President Obama showed up at the National Prayer Breakfast. In fact, not only did the president show up, he got it right. Well, almost. In a week where the news cycle focused on economics, it is important not to miss Obama's seven wins and his one loss at the gathering of political leaders for a faith assembly.
Of course, the president included praise and endorsement for his poorly-conceived Office of Faith-Based and Neighborhood Partnerships. This government boondoggle was started by Bush and enlarged by Obama. Mingling government money and regulation with faith-based ministries only serves to rob faith-based organizations of control of their own destinies. Worse, it robs those groups of the very motive that started their mission effort to begin with. The government telling a church that it can serve soup but must do so without explaining WHY it is serving soup means the hands no longer express the heart. They merely serve soup. Faith-based without faith is de-based.
Nevertheless, President Obama struck seven powerful notes in his address at the National Prayer Breakfast.
First, he overcame his Islam fetish. In fact, he failed to mention Islam at all. That omission has to be a first for this president who always feels compelled to remind us that Islam is “one of the world's great religions” and that it has been “defiled by extremists.” Look at any address where he mentions religion, at his speech before the West Point cadets regarding Afghanistan policy, or at his faith-laden comments around Ramadan and Eid-al-Fitr, and you will hear his relentless political correctness regarding the wonders of Islam. Compare those regularly glowing remarks with his failure even to mention Jesus in his Christmas comments, and one has to wonder why he feels so embarrassed about Jesus and Christianity yet so enthusiastic about protecting the brand image of Islam. This is political correctness at its worst.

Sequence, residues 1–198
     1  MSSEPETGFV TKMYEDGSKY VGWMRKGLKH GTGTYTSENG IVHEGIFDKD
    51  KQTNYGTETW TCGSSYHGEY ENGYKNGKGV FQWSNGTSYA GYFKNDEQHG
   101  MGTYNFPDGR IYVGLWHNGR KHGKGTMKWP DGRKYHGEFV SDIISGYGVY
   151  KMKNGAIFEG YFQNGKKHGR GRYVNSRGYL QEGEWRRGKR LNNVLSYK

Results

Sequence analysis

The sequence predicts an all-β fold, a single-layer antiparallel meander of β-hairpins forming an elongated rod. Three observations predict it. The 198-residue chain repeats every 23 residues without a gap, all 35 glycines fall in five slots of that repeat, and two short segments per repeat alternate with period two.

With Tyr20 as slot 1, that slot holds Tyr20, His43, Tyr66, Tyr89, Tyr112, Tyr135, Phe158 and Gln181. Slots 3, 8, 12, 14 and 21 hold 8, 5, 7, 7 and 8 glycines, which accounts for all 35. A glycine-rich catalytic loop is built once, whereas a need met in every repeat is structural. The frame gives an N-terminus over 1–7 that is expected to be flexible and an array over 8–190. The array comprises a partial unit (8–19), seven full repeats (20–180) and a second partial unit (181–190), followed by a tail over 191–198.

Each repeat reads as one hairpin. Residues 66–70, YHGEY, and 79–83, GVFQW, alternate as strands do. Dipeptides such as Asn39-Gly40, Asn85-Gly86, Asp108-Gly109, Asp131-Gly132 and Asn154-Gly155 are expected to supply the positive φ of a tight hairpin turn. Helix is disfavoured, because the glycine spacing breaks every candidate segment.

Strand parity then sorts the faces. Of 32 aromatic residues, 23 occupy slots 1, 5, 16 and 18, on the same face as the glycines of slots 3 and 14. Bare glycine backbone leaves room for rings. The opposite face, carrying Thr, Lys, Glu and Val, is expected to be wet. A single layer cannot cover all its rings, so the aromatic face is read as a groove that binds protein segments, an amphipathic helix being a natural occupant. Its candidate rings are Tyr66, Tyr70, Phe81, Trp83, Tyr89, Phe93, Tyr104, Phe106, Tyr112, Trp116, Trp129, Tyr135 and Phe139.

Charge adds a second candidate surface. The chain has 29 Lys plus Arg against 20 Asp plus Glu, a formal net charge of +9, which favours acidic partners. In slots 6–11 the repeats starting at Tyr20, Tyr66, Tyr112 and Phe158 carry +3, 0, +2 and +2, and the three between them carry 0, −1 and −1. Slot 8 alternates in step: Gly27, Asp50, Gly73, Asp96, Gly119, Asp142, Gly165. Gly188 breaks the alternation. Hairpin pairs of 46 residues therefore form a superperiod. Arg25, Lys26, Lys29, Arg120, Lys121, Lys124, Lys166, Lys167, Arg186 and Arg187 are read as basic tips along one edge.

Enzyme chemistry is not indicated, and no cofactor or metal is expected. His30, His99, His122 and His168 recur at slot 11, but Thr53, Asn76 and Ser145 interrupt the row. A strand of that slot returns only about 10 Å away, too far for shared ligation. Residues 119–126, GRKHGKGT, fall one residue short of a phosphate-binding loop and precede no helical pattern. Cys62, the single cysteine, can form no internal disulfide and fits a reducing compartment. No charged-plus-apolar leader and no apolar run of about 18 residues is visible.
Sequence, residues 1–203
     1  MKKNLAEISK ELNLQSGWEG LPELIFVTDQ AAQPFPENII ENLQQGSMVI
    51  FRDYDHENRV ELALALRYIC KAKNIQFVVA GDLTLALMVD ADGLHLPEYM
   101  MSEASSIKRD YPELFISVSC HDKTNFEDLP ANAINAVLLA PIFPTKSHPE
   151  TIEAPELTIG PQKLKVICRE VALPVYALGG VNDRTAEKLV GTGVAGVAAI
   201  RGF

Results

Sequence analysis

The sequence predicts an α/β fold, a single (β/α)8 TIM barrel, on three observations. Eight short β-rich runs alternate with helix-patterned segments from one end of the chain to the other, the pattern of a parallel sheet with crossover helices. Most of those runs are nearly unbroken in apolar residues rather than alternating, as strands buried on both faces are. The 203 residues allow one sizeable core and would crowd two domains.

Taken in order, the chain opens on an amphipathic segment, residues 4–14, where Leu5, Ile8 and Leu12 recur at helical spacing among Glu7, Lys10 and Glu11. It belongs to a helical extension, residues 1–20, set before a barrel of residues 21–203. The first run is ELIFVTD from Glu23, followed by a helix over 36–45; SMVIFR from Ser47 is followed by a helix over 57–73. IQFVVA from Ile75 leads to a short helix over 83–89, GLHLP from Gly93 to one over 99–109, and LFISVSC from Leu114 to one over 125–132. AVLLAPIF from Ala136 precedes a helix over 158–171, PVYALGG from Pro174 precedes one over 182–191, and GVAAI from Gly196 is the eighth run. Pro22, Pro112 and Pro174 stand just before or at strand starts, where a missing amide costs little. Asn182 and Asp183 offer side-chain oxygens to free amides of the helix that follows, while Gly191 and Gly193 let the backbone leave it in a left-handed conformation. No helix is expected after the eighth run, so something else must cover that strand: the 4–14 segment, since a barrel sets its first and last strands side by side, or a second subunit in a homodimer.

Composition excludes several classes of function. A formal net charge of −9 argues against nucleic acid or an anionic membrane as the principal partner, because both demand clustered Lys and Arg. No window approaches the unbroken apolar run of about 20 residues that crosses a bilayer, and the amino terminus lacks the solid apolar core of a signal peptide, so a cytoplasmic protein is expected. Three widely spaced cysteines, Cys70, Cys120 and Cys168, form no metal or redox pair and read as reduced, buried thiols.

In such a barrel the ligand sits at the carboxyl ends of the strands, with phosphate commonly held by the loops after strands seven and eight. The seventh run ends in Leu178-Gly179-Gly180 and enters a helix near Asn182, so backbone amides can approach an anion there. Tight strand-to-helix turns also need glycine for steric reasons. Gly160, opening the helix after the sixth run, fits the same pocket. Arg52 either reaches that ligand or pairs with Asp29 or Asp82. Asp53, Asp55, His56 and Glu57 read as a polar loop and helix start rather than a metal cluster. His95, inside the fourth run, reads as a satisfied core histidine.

President Obama also got it right in his comments about the faith-based response to the disaster in Haiti. Obama rightly sounded the bell that it is faith-based teams who respond quickly and enthusiastically in the hour of the world's need. He praised Christians, Hindus, Sikhs, and Jews for their timely, compassionate and generous responses to the earthquake. He rightly omitted Islam since there appears to have been no Islamic mercy for the victims in Haiti. Good for him for not glossing over that absence.
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